LOS ANGELES – Industry insiders say Sony set a terrible precedent this week when it canceled the release of “The Interview.” They say Sony’s decision paints a bleak future for Hollywood in which major studios, fearful of repercussions, will push further toward extreme political correctness rather than risk offending foreign regimes and dictators.
Sony canceled the film’s release after hackers broke into its computer network and threatened to blow up theaters that showed the movie— a comedy that depicts a plot to kill North Korean Supreme Leader Kim Jong-un. The FBI has traced the terror threat to North Korea, FOX411 has confirmed.
“This move certainly feels like the top of a very slippery slope,” Scott Huver, a Los Angeles-based popular culture expert and writer, told FOX411. “While it is very difficult to fault either Sony or the theater chains for a reluctance to show the movie, it is most certainly a blow to free speech and creative expression — two of America’s most vital guiding principles.
“No matter the quality of ‘The Interview,’ the fact that it now cannot be seen because one outside force imposed their will on the American people with the threat of violence should be heartbreaking to every citizen of this country.”
Crisis communications expert Gene Grabowski said Sony’s reaction will make an already politically correct and cautious Hollywood even more so.
“You can expect more risky scripts that are critical of governments and politicians to be adjusted and even rejected outright,” he said. “This will almost certainly have a chilling effect on all political movies for the foreseeable future.”
Several theaters, including Alamo Drafthouse Cinema in Austin, Texas, and Capitol Theater in Cleveland, initially announced they would replace “The Interview” with “Team America,” which also lampoons the North Korean dictator. But Paramount swiftly canceled the screenings. And a film starring Steve Carell — an untitled thriller set in North Korea and due to start filming in March — was scrapped.
Sony could lose an estimated $100 million from its decision, forfeiting production costs, box office revenue and domestic and international marketing efforts. Several industry players said insurance was unlikely to cover the loss, which could further deter studios from making edgy movies.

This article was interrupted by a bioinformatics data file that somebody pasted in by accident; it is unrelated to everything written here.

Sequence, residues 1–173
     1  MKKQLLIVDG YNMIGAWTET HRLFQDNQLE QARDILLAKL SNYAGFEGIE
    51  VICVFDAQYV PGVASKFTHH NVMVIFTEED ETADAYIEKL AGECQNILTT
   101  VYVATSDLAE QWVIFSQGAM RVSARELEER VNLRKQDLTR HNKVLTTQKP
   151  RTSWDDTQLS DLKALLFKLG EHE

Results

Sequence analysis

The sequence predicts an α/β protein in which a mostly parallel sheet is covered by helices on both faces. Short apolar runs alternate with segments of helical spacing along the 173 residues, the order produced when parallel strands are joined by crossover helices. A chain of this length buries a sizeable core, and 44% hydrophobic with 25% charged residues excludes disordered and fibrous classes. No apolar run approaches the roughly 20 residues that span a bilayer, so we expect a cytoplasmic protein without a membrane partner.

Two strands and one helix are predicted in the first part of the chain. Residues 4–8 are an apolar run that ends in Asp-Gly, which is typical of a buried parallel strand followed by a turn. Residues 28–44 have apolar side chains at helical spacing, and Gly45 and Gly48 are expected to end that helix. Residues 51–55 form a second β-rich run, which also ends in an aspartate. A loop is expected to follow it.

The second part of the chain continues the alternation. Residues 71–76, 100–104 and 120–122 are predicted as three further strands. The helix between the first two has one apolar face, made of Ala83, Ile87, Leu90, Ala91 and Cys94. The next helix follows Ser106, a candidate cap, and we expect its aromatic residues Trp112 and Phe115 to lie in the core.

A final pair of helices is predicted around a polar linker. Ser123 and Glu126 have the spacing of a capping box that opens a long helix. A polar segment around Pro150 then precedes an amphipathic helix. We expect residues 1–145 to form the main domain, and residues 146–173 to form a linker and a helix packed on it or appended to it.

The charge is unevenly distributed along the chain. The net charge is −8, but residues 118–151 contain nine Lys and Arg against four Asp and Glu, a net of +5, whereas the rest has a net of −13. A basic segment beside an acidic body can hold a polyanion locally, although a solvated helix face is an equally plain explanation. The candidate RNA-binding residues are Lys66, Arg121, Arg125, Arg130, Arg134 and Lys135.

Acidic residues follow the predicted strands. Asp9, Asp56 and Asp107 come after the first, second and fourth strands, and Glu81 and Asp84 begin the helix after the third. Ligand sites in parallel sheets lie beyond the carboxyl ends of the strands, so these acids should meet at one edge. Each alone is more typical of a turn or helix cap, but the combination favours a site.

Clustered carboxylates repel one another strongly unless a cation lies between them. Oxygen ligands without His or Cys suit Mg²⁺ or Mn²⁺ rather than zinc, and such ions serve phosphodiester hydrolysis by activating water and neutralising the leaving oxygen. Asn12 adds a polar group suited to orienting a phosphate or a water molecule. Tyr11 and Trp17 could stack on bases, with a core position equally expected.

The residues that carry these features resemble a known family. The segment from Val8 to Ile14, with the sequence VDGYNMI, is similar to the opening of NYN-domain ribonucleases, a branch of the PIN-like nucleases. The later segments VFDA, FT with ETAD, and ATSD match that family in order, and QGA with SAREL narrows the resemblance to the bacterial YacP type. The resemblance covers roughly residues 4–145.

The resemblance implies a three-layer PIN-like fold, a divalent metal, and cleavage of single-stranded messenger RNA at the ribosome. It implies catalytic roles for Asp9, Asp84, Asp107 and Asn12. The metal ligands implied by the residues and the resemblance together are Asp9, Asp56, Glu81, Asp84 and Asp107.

Hollywood has a long history of making movies that lampoon or criticize other nations and their leaders. Charlie Chaplin’s 1940 film “The Great Dictator” satirized Hitler even before the U.S. entered World War II; 1985’s “Spies Like Us” poked at the Soviet Union and the Cold War; and just four years ago the inflammatory British comedy “Four Lions” took aim at Islamic terrorists.
But could the Sony incident ultimately put North Korea on Hollywood’s “do-not-touch” list? Only time will tell.
Huver says the big studios will probably shy away from hot-button topics that could have major repercussions, but he believes independent filmmakers will take a stand.
“I’d count on many outraged or maverick-minded creatives and professionals seeking to push buttons even further in the wake of this event,” he said.
Some security experts said the hackers’ “success” in the Sony case — breaking into the massive studio’s computer network, revealing embarrassing email exchanges, hurting the company financially and compelling it to cancel a big Christmas release — will have a ripple effect.
“A door has been opened here for future cyberattacks, and the North Korea and United States relationship will be even frostier now,” said Lee Oughton, global risk and security expert. “Watch this space.”